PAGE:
public void createStock(Stock stock ) {
public class StockProvider implements MessageBodyWriter<Stock> {

the advantage here is that you have full control over both the public URI and the payload (although most frameworks link a private class to these custom media types).

the downfall of this approach is that it merely pushes the problem along; in this scenario a single application could generate dozens of new media types. it would be an incredible feat for an independent client application to try to keep up with recognizing and parsing the thousands of media types that might be produced in a single year.

but the real problem is...

by now you should see a pattern. all these attempts are focused on the same thing:

"How can a server successfully export it's private objects in a way that clients can see and use them?"

you might think that this is the correct question to ask, but you'd be mistaken. a better question is:

"How can a server and client share a common understanding of the payloads passed between them?"

and the first answer is to stop trying to export private information out onto the public network.

so what's the answer?

instead of being stuck on the notion of shared objects, distributed network clients and servers need to focus on shared understanding; a vocabulary or ontology.

currently, for HTTP-based applications the best way to provide a shared understanding is through well-defined media types. and a media type SHOULD NOT be bound to any private objects; it SHOULD NOT rely on any pre-determined URI patterns. instead, the media type should encapsulate the domain for which the client and server are communicating; it should be able to express the appropriate application-level semantics needed to accomplish the domain's tasks and describe the results.

i, personally, prefer using and designing Hypermedia Types. they offer the possibility of expressing not only the domain-specific details of shared understanding, but also the protocol-level elements (through a set of H-Factors.)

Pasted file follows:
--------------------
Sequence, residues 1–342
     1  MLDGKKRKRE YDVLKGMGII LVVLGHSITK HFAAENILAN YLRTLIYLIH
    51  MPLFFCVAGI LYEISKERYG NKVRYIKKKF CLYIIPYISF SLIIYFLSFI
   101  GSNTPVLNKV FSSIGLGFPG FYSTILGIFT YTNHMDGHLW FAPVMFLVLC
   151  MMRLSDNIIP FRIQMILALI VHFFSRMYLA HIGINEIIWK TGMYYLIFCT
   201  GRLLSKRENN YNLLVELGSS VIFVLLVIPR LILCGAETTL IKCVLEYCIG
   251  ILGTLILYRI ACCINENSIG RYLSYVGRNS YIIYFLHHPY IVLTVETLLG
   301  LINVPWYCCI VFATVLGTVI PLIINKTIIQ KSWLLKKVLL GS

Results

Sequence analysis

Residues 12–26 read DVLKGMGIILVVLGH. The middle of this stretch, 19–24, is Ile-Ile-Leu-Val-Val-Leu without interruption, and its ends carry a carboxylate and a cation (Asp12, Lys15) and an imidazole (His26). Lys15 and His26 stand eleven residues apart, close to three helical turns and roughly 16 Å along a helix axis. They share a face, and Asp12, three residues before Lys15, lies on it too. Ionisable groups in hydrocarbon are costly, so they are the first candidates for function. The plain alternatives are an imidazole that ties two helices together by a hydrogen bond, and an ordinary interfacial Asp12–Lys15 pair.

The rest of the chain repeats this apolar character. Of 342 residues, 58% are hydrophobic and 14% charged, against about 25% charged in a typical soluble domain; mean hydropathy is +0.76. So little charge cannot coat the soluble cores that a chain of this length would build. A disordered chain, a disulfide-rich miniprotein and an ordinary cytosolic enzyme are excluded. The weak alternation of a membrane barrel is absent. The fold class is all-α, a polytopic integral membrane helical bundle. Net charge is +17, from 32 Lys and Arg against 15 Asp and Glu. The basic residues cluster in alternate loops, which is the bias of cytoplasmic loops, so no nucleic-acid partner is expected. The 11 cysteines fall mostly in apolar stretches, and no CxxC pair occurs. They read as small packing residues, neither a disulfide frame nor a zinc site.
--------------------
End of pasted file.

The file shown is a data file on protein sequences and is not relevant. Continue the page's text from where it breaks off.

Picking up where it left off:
oh yeah, Maslow's hammer...

i bet you wondered when i'd get around to the Maslow thing...

while the notion of using hypermedia-rich media types that also express application-domain details is appealing to many, the road to this apparent nivrana is not yet well-paved nor well-travelled. most frameworks are tuned to serializing private objects out to the public network using one or more of the methods i mentioned here. i know of very few frameworks that have avoided the 'object pit' (WebMachine being one of them).

so, it's understandable that developers are likely to ask how to handle private object serialization and sharing; they simply haven't found many alternatives. developers can become quite attached to their 'tools' (editors, frameworks, programming languages, etc.) and, as Maslow observed in 1966, in cases where those tools are not quite adequate for the job at hand, it is tough to drop your hammer and reach for another, possibly unfamiliar, instrument.

but that is exactly what i am urging you to do when you work on distributed network implementations like HTTP over the Web.


step back.

drop the hammer of object serialization.

and try picking up the tool of hypermedia types instead.

it just might be more suited to the job.